The one application where Mendelsohn sees a slight weakness of the hybrid modality is for lung nodules. "If the nodules are smaller than 5 mm, the FDG is not particularly good," he says. "We might miss tiny lung nodules on PET/MR." Currently, those patients would need a PET/CT scan. However, Mendelsohn is optimistic that Siemens can solve this weakness. "Siemens has a phenomenal breath-hold sequence that over the next few months or a year could migrate to its PET/MR platform and show tiny pulmonary nodules," he adds.
Shah agrees that advanced tools and an adjustable field of view on PET/MRI can be of tremendous value in assessing small volume and nodal disease in cancer patients, often a limitation with PET/CT.
Voorhees says that there's no doubt the quality of the PET/MR scan is enabling clinicians who use it to "call their cases with greater confidence."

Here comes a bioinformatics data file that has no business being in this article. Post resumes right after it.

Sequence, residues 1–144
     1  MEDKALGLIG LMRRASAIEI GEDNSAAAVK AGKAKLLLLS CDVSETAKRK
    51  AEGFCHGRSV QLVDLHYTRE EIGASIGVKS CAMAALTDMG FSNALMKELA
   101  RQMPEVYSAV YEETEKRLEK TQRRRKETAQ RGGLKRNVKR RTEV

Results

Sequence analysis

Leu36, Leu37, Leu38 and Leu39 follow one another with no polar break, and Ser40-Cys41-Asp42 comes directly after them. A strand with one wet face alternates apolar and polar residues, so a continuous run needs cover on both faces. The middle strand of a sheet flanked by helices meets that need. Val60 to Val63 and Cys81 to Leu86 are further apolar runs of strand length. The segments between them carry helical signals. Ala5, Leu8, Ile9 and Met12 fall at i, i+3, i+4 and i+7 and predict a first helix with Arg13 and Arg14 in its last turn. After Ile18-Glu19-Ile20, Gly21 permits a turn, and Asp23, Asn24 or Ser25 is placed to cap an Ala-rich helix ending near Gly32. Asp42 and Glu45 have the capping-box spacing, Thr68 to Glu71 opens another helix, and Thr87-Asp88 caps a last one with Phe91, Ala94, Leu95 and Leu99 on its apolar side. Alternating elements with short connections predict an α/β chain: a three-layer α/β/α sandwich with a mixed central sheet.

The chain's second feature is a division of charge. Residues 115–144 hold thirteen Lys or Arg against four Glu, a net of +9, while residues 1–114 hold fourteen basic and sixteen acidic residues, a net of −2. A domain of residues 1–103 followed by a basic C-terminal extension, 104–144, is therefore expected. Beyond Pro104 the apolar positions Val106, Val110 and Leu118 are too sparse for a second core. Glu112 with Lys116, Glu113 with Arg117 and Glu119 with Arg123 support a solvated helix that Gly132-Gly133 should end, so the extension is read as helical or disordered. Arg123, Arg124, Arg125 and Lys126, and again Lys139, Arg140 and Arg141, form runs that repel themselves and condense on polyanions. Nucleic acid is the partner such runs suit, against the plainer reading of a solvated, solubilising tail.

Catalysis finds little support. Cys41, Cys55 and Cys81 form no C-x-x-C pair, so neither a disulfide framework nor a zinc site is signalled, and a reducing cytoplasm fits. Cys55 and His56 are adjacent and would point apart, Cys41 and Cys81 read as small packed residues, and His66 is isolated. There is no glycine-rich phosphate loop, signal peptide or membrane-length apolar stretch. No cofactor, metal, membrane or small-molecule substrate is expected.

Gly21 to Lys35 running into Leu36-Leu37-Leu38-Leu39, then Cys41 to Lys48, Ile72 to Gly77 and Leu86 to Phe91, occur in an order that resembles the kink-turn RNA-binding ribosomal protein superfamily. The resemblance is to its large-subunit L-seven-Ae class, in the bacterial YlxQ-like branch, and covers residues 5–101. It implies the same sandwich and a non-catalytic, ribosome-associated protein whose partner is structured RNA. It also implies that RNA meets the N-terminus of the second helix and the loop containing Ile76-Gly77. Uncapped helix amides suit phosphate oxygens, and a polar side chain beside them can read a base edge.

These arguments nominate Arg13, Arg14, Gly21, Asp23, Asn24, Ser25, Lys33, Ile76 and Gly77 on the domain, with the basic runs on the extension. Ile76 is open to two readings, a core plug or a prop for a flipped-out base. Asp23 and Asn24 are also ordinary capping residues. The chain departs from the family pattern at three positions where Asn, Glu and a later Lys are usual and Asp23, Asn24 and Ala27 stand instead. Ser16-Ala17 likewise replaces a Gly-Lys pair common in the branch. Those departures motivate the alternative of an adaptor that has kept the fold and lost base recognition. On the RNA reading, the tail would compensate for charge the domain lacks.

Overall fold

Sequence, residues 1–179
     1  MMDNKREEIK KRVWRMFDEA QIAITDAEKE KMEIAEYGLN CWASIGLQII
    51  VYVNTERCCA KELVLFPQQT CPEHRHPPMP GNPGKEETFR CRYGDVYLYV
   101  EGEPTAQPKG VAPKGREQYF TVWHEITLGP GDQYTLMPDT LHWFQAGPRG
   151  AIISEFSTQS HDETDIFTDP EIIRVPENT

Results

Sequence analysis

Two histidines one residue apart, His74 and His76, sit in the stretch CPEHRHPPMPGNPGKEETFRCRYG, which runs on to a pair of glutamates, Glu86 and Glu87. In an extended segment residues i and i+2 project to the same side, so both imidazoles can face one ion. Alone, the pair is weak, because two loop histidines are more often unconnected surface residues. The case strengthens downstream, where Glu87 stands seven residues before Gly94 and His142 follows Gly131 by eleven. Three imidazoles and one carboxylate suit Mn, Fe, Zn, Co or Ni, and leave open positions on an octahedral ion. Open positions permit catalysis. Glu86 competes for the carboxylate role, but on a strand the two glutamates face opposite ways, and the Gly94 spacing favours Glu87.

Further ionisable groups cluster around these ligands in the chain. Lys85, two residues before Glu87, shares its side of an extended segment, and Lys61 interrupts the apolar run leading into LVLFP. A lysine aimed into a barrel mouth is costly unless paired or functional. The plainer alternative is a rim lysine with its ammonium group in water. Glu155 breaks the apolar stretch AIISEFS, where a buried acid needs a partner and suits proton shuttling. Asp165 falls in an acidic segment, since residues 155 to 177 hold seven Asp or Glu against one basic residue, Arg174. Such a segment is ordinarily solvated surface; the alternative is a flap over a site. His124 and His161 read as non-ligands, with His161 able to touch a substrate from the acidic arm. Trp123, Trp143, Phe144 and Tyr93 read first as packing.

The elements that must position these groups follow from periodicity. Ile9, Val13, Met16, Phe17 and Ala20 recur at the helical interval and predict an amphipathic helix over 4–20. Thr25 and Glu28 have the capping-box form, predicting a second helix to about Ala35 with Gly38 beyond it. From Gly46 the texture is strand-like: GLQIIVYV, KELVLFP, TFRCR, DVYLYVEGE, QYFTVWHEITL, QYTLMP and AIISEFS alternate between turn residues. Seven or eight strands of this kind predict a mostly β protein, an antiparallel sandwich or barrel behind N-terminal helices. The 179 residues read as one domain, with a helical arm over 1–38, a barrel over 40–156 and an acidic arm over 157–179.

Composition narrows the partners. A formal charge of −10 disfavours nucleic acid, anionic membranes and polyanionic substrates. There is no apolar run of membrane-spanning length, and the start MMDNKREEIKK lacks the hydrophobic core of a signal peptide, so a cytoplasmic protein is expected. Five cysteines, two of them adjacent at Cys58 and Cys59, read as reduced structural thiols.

PET/MR is also proving useful in cardiac imaging and neurological imaging. Much of the work is still in the research phase, but radiologists are looking at PET/MR as the best modality for examining heart wall motion and blood perfusion. It also shows potential for detecting a broad range of central nervous system conditions including Alzheimer's disease. Mendelsohn says his radiologists are very comfortable with cardiac PET/MR and use it where appropriate. Schweitzer says using PET/MR to determine myocardial viability is on Stony Brook's radar for later this year. Behr says the cardiac surgeons and neurologists at UCSF are excited about the possibilities of PET/MR "because they see it has the potential to change the way we treat patients."